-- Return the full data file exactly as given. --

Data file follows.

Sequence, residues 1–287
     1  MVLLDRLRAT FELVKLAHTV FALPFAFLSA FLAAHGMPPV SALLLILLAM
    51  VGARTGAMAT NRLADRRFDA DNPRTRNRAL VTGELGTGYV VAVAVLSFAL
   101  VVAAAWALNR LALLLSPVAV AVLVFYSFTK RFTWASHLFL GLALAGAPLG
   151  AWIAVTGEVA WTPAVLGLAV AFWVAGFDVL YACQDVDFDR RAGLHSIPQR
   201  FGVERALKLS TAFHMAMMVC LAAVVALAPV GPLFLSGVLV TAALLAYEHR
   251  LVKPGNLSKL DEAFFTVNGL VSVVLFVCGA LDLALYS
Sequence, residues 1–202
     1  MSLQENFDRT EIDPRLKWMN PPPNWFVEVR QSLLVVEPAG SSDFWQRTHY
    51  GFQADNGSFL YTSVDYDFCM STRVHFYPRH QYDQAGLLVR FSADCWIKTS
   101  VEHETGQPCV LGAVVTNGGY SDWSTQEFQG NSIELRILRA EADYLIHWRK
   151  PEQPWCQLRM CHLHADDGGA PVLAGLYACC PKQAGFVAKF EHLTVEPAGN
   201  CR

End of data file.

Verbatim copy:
Sequence, residues 1–287
     1  MVLLDRLRAT FELVKLAHTV FALPFAFLSA FLAAHGMPPV SALLLILLAM
    51  VGARTGAMAT NRLADRRFDA DNPRTRNRAL VTGELGTGYV VAVAVLSFAL
   101  VVAAAWALNR LALLLSPVAV AVLVFYSFTK RFTWASHLFL GLALAGAPLG
   151  AWIAVTGEVA WTPAVLGLAV AFWVAGFDVL YACQDVDFDR RAGLHSIPQR
   201  FGVERALKLS TAFHMAMMVC LAAVVALAPV GPLFLSGVLV TAALLAYEHR
   251  LVKPGNLSKL DEAFFTVNGL VSVVLFVCGA LDLALYS
Sequence, residues 1–202
     1  MSLQENFDRT EIDPRLKWMN PPPNWFVEVR QSLLVVEPAG SSDFWQRTHY
    51  GFQADNGSFL YTSVDYDFCM STRVHFYPRH QYDQAGLLVR FSADCWIKTS
   101  VEHETGQPCV LGAVVTNGGY SDWSTQEFQG NSIELRILRA EADYLIHWRK
   151  PEQPWCQLRM CHLHADDGGA PVLAGLYACC PKQAGFVAKF EHLTVEPAGN
   201  CR